Altered carbon: new 2D material discovered
Rearrangement of atoms creates metal-like carbon structure Metal Tech News – May 26, 2021
Last updated 7/10/2022 at 3:20pm
Roughly 200 times stronger than steel, highly conductive to electricity and heat, antibacterial, and only one atom thick, graphene is a wonder material that has captured the imagination of scientists. Now, researchers in Germany and Finland have created a new two-dimensional carbon material that offers new properties and possibilities.
In recent years, graphene has been used to make materials lighter and stronger, batteries charge faster and last longer, and even as a coating to prevent the spread of diseases such as COVID-19.
The wonderous properties of graphene are the product of the 2D structure of the carbon atoms it is made of, where each atom is linked to three neighbors, forming hexagons arranged in a honeycomb network.
Theoretical studies have indicated that carbon atoms should also be able to arrange in other 2D network patterns, while still binding to three neighbors, but none of these predicted networks had been realized until now.
This breakthrough came when researchers at the University of Marburg in Germany discovered a new carbon network that is one atom thick like graphene but made up of an ordered lattice of squares, hexagons, and octagons.
This new form of carbon, dubbed biphenylene, was confirmed by a research team led by Professor Peter Liljeroth from Aalto University in Finland. Using high-resolution scanning probe microscopy, this team created an image showing the square-hexagon-octagon arrangement of carbon atoms.
Another Aalto University research team led by Professor Peter Liljeroth found that, while made up of the same carbon atoms as graphene, this altered arrangement offers intriguing electronic properties that differ from its 2D carbon cousin.
In contrast to graphene and other forms of carbon, computer simulations show the new biphenylene network has metallic properties. Narrow stripes of the network, only 21 atoms wide, already behave like a metal, while graphene is a semiconductor at this size.
Theoretically, even smaller electronics could be made with graphene replacing the silicon semiconductor and biphenylene serving as the conductive wiring.
"These stripes could be used as conducting wires in future carbon-based electronic devices," said University of Marburg Professor Michael Gottfried, who leads the team that developed the idea.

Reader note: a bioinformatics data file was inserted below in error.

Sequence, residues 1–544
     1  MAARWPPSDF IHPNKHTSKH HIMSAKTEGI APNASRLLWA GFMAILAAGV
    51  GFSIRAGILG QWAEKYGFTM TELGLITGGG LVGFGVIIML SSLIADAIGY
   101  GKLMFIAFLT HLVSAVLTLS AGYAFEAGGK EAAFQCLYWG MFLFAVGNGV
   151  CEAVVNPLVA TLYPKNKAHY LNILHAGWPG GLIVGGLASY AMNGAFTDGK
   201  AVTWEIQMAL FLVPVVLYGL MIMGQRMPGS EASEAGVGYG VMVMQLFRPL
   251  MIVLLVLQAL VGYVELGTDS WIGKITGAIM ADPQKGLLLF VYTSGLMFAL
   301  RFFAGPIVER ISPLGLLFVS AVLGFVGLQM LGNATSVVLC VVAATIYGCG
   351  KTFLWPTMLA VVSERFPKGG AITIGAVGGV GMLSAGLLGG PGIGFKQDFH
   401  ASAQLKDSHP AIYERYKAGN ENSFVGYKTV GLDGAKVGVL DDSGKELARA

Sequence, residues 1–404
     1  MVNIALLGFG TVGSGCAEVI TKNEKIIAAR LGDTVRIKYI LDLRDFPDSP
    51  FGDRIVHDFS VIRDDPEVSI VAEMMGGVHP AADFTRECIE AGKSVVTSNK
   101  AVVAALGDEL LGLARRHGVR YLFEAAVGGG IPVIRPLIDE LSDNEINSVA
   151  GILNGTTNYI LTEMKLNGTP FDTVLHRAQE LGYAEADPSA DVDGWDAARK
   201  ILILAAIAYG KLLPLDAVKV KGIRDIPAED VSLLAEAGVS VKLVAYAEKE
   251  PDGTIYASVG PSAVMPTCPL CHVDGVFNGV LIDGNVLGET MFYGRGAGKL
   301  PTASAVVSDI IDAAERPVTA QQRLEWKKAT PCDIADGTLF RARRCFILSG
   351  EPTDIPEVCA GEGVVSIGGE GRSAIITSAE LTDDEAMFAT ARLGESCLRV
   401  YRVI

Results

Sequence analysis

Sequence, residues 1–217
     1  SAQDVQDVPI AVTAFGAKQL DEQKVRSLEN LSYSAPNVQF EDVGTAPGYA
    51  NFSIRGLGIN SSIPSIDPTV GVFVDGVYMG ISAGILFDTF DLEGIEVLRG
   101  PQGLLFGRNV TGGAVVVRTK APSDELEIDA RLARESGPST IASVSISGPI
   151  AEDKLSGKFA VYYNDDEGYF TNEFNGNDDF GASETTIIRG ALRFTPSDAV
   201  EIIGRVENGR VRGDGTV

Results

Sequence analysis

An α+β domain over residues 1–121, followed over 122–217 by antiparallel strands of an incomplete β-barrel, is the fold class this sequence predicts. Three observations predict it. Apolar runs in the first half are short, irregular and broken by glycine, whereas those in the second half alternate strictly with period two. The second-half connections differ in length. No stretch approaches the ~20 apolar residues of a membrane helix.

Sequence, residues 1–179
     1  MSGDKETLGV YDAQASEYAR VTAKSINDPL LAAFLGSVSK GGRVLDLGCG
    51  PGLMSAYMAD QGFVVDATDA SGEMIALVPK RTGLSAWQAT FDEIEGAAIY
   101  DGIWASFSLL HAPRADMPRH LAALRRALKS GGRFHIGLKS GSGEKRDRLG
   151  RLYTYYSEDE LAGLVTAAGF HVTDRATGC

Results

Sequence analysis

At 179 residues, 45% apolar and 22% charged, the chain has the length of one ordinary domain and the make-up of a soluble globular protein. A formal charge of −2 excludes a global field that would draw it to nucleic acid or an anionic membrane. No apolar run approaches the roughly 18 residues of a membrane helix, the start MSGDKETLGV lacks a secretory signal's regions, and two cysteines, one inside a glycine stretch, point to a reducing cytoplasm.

The research team also sees potential for biphenylene going into smaller and more powerful rechargeable batteries.
"This novel carbon network may also serve as a superior anode material in lithium-ion batteries, with a larger lithium storage capacity compared to that of the current graphene-based materials," said Qitang Fan, a researcher from Marburg who was the lead author of the biphenylene study.
The researchers create biphenylene by assembling carbon-containing molecules on an extremely smooth gold surface. These molecules first form chains, which consist of linked hexagons, and a subsequent reaction connects these chains together to form the squares and octagons.
The scientist said an important feature of these carbon chains is that they are chiral, which means that they exist in two mirroring types, like left and right hands. Only chains of the same type aggregate on the gold surface, forming well-ordered assemblies, before they connect. This is critical for the formation of the altered carbon material because the reaction between two different types of chains leads only to graphene.
"The new idea is to use molecular precursors that are tweaked to yield biphenylene instead of graphene," explains Linghao Yan, who carried out the high-resolution microscopy experiments at Aalto University.
To fully understand the applications of biphenylene the research team will need to create larger sheets of this new 2D carbon material, which could lead to new breakthroughs.
"We are confident that this new synthesis method will lead to the discovery of other novel carbon networks," said Professor Liljeroth.